See, while I love health benefit talks, and hormone changes, and clothes fitting better, and I cannot stand the concept of "Dieting is great!  You just eat less and everything will be fine!" (because that is a lie), it's the subtlety that I dislike.  I am not suddenly changing my habits because I feel like doing something different - I am doing it because what I was doing before (eating a half dozen Krispy Kremes and then taking a nap) wasn't good for me.  It was, in fact, killing me.

When it comes to things like death, and shortened life spans, subtlety needs to get thrown out the feckin' window.  I EAT TOO MUCH AND IN THE WRONG PORTIONS, AND DISLIKE SWEATING.  THAT IS GOING TO KILL ME.  This isn't rocket science, it's what I was doing to myself.  And until I really and truly take ownership of my idiocy, the weight is going to yo-yo on and off.  You have to name your monster, and loudly, before you can truly grapple with it.

Friday, March 16, 2012

Sometimes it is your fault, and sometimes it's not.

As people who know me in real life are aware, I am bipolar.  I was diagnosed nearly eight years ago, and while I still have issues from time to time, my illness is well managed.  The other week I was noticing some odd symptoms cropping up indicative of a mixed episode, so I mentioned them to my doctor.  She attempted to prescribe a drug I had been on before that worked really turning me into a zombie.  I begged her to try something different, and she did. So today I picked up my script, and looked at the side effects:

Extreme weight gain and metabolism interference, with severe sedation.


It's apparently the exact same group of meds that I asked not to be put on.  I *told* her about the 82 lbs that I gained as a result of the last med.  I *told* her in no uncertain terms that I could not be a zombie, I have a baby to take care of!  But sometimes, doctors only hear what they want to.


So now I have to either

A)  Try the drug and put my family through hell, all while knowing I am going to blow up like a balloon,
B)  Refuse to take the drug and possibly piss off the doctor, or
C)  Pay for a private doctor - essentially, a walking prescription pad to give me exactly what I want.

And all the time, I need to figure out how this is all going to affect me stress wise.


I told you that story to tell you this one.  A lot of my weight gain is my fault.  I like pie, and hate the treadmill.  Hence, I am a fatty fat fat.  But a lot of my weight gain is not my fault - a drug I was on for 1.5 years destroyed my metabolism in a very nuclear on nuclear way (that is to say, it nuked the nucleus of the cells of my body, altering them forever).  It also packed on the equivalent of an 11 year old girl onto my frame.  That, I can't help.  I'm willing to bet there is something in your life you don't like.  I'm also willing to bet while some of that situation is your fault, some isn't.  So, do you acknowledge the stuff that isn't your fault while striving to do better, or do you just hate yourself for what you cannot be?  Do you take all the blame, when some of it should not be on your shoulders?  Inversely, do you blame your 'other', without taking any responsibility for your part in your situation?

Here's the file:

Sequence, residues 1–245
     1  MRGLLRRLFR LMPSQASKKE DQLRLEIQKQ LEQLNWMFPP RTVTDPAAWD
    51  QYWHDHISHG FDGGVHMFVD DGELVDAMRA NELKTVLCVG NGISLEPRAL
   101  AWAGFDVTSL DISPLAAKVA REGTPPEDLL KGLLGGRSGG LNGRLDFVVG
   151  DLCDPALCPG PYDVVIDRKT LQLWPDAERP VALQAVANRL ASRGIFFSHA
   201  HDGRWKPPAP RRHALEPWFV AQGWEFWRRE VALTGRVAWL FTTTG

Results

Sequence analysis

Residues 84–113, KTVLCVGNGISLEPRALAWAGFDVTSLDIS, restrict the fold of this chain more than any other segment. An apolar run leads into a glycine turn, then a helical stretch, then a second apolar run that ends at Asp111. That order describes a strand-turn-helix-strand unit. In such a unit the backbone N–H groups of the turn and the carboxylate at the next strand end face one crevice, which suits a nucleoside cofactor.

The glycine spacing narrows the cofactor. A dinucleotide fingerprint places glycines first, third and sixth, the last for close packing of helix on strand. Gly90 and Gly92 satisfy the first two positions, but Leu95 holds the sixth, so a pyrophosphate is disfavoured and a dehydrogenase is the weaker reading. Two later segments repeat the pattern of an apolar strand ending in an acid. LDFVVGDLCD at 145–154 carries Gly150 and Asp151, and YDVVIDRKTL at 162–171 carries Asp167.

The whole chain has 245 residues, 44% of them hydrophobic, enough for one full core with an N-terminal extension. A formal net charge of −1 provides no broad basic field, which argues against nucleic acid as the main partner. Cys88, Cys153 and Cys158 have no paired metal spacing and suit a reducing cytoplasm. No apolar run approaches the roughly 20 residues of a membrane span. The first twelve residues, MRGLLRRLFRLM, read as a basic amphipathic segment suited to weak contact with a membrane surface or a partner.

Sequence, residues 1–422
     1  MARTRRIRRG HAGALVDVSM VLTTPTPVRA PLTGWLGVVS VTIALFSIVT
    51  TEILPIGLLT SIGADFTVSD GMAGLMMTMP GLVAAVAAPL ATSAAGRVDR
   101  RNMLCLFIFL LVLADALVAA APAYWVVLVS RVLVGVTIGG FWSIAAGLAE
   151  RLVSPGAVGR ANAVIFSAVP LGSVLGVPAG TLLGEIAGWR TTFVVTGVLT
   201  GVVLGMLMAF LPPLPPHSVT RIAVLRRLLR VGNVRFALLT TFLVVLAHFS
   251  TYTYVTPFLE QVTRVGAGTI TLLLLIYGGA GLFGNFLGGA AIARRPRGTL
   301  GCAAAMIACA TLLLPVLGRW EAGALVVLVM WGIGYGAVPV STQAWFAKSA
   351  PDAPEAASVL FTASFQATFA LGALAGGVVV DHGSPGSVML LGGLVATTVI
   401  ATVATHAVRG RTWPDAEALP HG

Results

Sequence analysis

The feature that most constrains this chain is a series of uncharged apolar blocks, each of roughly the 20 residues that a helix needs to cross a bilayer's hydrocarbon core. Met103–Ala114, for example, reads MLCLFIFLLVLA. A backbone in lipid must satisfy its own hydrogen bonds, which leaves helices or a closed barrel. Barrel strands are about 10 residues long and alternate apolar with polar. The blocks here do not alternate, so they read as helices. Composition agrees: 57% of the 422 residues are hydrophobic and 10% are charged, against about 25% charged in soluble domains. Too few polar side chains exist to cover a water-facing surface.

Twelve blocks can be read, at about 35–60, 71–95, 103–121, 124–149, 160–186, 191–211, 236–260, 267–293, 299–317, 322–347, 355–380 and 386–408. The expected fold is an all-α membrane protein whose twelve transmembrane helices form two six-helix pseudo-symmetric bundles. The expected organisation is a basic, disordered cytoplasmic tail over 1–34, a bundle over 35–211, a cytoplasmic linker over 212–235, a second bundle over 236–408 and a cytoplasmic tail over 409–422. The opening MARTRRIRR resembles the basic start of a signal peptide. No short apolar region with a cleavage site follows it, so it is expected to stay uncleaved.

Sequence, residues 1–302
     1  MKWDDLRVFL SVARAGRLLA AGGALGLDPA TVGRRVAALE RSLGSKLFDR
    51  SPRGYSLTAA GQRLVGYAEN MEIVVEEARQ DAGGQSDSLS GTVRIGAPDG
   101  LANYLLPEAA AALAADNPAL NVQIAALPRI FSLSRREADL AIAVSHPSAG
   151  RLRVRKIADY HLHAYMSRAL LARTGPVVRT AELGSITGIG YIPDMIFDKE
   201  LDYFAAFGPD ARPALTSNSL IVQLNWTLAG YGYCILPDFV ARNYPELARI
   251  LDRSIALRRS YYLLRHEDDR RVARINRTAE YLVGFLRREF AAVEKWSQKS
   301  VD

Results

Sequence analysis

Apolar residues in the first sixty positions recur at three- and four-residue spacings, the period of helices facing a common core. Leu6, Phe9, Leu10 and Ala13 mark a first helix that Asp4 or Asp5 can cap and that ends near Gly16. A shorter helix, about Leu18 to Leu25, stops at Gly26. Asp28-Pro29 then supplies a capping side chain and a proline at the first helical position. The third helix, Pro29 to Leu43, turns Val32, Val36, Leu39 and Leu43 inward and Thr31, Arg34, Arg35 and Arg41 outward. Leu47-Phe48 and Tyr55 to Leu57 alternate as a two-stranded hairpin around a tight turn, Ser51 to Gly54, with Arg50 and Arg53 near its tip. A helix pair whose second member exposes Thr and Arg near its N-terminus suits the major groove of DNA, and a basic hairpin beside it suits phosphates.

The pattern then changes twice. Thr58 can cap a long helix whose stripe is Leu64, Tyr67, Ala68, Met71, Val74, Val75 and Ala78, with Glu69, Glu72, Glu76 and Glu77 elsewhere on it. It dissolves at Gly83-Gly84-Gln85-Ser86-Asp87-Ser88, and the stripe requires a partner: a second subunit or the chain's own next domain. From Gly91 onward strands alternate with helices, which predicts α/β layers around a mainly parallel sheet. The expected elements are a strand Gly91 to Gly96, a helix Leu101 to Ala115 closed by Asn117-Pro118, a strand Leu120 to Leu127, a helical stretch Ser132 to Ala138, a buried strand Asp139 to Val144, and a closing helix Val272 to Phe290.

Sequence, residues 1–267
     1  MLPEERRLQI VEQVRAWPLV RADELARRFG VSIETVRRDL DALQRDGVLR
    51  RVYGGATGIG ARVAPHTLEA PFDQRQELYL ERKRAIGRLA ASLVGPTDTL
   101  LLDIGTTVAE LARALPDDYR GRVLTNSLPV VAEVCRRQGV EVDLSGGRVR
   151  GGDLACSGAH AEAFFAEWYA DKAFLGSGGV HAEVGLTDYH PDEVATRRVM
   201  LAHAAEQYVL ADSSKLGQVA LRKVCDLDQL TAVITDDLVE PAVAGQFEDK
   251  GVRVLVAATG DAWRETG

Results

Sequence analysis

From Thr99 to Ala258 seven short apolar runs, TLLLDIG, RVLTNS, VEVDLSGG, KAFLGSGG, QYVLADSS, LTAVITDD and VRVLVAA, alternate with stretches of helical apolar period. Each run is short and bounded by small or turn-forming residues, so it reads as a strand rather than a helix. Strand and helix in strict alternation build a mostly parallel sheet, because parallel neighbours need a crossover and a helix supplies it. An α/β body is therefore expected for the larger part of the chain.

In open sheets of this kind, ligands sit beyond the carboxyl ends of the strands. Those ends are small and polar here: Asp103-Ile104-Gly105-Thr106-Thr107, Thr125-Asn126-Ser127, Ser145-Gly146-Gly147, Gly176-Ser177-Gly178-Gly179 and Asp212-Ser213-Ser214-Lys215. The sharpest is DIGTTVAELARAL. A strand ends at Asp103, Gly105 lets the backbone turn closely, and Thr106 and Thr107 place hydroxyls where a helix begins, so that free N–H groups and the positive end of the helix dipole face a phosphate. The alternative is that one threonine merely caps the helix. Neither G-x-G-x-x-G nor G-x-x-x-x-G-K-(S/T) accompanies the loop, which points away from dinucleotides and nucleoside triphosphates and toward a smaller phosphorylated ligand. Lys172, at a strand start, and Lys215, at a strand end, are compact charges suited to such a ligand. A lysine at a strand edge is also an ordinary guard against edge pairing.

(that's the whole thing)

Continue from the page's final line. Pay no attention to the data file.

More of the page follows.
None of this makes a lick of difference in the end.  The weight is still there, whether the drugs did it all, or I just sat around all day eating pie.  I have to work twice as hard to take it off, even though I didn't have nearly as much fun putting it on - I popped a pill that saved my stupid brain is all.

Life sucks.  Wear a helmet.

Sorry.  I know you may have wanted a light hearted romp today.  I'll make up for it with this video of my kid laughing uproariously. Enjoy.

Thursday, March 15, 2012

A Treatise on the concept of Chocolate and Dieting

I love chocolate.  I know, woman's blog, blah blah blah, love chocolate, blah blah blah, but really?